Joshua 7 recounts the story of how the Lord’s anger burned against Israel because of Achan’s sin (Josh 7:1). Achan took for himself some of the treasures of Jericho, which the Lord had expressly forbid his people from doing, demanding rather that all of it be wholly devoted to him (Josh 6:17-19).
After the Lord spotlighted Achan’s transgression as the reason for his anger toward the camp of Israel, Joshua demanded a confession (Josh 7:16-19). Achan’s response provides an amazingly perceptive description of the progression of sin:
“And Achan answered Joshua, ‘Truly I have sinned against the Lord God of Israel, and this is what I did: when I saw among the spoil a beautiful cloak from Shinar, and 200 shekels of silver, and a bar of gold weighing 50 shekels, then I coveted them and took them. And see, they are hidden in the earth inside my tent, with the silver underneath’” (Josh 7:20-21).
I saw, I coveted, I took, I hid. That’s the exact same progression we find in the Garden of Eden, in humanity’s first sin (see Gen 3:6-8). This four-stage progression is common to much of our sin as well.
The first stage, “I saw,” is the external temptation. That’s when circumstances outside of you present an opportunity to sin. The second stage, “I coveted,” is the internal temptation. An evil desire is at work in your heart. You want to sin. The third stage, “I took,” is doing the deed, or saying the word, or indulging in the thought of bitterness or lust or greed. And then if we aren’t walking in the light (that is, if we don’t respond to sin like a Christian should), then we complete the progression and enter stage four, “I hide.” We cover up.
I want to suggest that we almost certainly will lose our battle against sin if we focus on fighting it mostly — or perhaps even only — at that third stage, just worried about doing the deed or not.
The real battle against sin is won by fighting at the other stages: 1, 2, and 4.
Fighting Sin at Stage 1: “I Saw”
Jesus taught us to ask God, “Lead us not in temptation” (Matt 6:13). In this request we implicitly acknowledge our sinfully weak resolve to obey. We pray, “Lord, please direct my path away from as many external, circumstantial temptations to sin as possible.”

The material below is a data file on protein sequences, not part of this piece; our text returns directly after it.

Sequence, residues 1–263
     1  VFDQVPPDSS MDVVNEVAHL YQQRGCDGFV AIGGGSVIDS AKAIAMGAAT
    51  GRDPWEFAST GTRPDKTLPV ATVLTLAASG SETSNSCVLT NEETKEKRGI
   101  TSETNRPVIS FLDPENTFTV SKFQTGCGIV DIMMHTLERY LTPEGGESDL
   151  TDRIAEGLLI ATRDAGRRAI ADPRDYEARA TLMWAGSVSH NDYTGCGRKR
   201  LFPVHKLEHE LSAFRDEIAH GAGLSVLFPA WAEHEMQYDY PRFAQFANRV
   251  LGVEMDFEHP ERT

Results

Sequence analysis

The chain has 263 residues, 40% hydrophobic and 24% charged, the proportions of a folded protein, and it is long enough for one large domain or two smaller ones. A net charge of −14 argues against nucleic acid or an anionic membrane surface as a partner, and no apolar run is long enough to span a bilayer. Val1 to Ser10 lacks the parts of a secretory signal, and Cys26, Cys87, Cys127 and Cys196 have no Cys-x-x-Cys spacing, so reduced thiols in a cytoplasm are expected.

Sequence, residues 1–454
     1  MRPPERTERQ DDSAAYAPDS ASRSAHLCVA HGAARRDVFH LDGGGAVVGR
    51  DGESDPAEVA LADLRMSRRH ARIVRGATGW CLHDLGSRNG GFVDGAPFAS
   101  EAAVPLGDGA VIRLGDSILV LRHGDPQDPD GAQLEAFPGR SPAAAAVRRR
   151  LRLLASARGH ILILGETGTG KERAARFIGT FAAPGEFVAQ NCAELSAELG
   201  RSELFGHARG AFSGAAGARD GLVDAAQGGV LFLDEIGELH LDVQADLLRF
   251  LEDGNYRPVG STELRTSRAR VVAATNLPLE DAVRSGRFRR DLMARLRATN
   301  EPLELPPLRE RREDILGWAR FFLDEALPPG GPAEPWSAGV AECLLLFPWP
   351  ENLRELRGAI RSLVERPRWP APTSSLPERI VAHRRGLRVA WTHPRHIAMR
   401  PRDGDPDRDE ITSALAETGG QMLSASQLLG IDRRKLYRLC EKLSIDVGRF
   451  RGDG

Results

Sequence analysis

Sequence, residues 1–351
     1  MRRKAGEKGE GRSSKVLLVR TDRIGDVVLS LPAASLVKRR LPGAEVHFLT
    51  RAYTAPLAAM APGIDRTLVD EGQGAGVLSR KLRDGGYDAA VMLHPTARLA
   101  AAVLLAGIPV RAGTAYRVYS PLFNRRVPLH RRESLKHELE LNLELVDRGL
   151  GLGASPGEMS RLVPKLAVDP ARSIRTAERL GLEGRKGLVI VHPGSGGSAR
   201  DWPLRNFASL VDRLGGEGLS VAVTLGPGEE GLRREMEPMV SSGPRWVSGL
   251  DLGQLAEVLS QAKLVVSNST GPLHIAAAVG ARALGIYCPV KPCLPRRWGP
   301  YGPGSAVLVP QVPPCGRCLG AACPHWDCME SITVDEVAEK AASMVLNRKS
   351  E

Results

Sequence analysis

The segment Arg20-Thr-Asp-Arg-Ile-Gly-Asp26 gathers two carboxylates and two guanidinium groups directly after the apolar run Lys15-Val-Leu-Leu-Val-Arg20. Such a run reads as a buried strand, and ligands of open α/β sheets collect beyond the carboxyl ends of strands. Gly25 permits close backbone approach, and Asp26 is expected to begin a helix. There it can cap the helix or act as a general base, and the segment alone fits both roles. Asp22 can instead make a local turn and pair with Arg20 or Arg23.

Along the same lines, we are commanded to “Put on the Lord Jesus, and make no provision for the flesh” (Rom 13:14). We are to strive, as far as we’re able, not even to let ourselves reach the first stage of sin’s progression: “I saw.” In this verse we’re commanded to plan our lives in a way that minimizes the opportunities we have to act on sinful desires that may arise in our heart. We should be intentional to try and do nothing that might fan the flame of our sinful desires.
Counselors often call the pursuit of holiness that occurs on this first stage “taking radical measures.” It’s the hand-cutting and eye-gouging part of Jesus’s life-giving teaching (Matt 5:29-30; Jn 6:63, 69, 10:10, 17:3).
Fighting Sin at Stage 2: “I Coveted”
Achan’s confession, “I coveted,” could alternatively be translated, “I desired.” Before Achan took the devoted things, he desired to take them. The translation “I coveted” helps to highlight that the desire to take the devoted things, in and of itself, was sin. The Lord commanded, “You shall not covet” (Ex 20:17; Rom 13:9). Achan’s story, then, illustrates a very important but oft-neglected truth: All desire for sin is itself sin. That’s how deep the tenth commandment reaches.
Listen to how the Heidelberg Catechism puts it:
What does the tenth commandment require?
That not even the slightest desire or thought contrary to any of God’s commandments should ever arise in our heart. Rather, with all our heart we should always hate all sin and delight/take pleasure in all righteousness.